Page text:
It is exhilarating and easy to watch your student-athlete when they are playing well and winning. But what happens when they lose? When they don’t know their left foot from their right? When they are just points away from the win but let it slip? When they are losing to the “lesser” player?
Winning is like an addiction. Everyone wants the quick fix bypassing the long journey of hardships and heartaches that must be endured and overcome in order to compete successfully.
Losing a match is merely an event that further lessons are needed to be learned. It is not IF your student-athlete is going to lose, it’s how quickly they learn from the loss in order to quickly move to the next learning phase.
On the other hand, feeling “lost’ is an entirely different issue. Feeling “lost” on the court, not trusting themselves, loss of confidence is all oversights from NOT learning the lessons from each loss of matches for an extended period of time.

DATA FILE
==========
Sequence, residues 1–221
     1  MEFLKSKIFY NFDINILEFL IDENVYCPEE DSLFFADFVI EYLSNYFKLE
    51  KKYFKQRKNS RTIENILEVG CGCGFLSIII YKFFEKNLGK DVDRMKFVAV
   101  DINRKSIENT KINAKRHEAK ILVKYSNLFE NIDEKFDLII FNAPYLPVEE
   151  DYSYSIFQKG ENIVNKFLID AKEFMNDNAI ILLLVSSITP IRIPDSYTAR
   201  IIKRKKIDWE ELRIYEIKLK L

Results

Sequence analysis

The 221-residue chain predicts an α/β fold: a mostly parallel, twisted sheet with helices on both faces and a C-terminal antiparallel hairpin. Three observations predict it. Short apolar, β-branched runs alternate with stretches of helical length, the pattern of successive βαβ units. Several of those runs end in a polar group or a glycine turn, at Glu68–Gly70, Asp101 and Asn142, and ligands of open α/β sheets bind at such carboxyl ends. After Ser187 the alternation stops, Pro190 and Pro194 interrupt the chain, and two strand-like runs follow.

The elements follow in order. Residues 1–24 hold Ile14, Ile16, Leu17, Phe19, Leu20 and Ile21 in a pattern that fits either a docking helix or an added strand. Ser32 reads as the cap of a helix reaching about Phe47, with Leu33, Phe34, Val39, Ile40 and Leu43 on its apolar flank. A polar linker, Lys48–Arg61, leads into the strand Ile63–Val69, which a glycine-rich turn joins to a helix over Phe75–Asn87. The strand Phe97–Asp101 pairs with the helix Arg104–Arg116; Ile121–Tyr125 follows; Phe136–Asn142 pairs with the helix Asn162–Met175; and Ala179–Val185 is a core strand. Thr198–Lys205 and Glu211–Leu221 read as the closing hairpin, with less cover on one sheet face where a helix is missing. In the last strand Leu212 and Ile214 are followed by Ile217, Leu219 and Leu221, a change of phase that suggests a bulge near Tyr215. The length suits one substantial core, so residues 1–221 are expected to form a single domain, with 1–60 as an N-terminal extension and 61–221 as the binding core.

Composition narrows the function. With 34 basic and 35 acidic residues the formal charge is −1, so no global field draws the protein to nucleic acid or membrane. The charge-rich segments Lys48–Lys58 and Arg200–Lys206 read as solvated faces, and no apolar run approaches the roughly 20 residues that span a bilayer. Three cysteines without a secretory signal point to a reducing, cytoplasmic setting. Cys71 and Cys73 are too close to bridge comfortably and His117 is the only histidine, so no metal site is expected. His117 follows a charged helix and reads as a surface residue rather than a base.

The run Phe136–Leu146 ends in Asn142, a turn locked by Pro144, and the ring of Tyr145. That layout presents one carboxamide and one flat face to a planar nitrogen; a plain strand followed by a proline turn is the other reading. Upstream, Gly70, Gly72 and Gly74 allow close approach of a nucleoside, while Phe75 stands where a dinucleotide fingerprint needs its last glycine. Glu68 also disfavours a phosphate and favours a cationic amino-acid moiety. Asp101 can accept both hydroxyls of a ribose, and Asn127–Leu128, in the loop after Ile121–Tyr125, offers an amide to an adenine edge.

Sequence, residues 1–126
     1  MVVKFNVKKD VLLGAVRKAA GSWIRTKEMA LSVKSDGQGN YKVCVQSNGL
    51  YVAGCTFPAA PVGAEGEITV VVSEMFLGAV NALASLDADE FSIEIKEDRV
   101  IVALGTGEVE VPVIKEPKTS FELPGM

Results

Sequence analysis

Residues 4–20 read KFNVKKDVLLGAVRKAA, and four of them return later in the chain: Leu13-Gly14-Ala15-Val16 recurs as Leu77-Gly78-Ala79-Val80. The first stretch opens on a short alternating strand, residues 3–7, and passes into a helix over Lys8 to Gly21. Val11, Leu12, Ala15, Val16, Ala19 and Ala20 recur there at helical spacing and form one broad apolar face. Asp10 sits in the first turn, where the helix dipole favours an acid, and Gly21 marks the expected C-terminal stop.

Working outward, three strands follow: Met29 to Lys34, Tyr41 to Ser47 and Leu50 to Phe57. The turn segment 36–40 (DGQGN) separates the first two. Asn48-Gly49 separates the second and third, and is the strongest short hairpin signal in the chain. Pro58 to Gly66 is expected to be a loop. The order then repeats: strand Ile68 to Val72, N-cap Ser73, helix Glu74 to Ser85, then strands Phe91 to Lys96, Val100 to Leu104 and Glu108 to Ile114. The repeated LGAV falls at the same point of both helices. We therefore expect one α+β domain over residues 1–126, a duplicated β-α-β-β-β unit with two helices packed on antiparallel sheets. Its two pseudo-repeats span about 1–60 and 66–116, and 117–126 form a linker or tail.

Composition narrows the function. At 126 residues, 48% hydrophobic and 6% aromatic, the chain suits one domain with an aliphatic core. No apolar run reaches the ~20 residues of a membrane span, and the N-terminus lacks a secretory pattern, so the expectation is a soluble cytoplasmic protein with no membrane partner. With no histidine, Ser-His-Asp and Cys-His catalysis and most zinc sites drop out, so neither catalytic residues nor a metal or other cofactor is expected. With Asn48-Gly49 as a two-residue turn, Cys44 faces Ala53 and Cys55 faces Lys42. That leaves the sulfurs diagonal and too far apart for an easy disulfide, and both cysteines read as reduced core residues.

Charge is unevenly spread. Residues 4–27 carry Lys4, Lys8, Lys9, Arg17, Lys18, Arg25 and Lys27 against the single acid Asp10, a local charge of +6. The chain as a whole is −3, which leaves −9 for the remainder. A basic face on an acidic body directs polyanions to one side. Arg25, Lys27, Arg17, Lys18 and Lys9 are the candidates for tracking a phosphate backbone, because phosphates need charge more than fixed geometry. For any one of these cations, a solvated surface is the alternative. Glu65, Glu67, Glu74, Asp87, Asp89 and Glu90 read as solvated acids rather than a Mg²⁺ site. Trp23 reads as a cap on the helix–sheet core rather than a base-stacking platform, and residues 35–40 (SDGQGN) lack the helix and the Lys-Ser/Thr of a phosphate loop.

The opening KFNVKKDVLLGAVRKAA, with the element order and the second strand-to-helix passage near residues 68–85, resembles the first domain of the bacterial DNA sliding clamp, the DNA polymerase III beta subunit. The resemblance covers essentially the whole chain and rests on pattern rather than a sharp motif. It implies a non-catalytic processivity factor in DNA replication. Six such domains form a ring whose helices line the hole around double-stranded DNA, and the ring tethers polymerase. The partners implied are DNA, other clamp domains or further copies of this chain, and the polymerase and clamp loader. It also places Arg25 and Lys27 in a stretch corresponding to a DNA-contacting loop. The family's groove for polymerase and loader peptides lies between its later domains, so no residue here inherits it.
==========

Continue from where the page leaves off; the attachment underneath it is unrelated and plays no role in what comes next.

Hence, losing a match (event) is not the same as feeling lost (self). Thus, it is crucial to help your student-athlete to consistently learn from their losses.
A good word to use is to start with the question of WHAT. What can they do better? What did they learn? What was good about the match? etc, etc.
A useless and unhelpful question to avoid is asking with WHY. It puts them on the defensive. If you are lucky they might give you a string of excuses. But most often you will probably receive silence!
Until next time,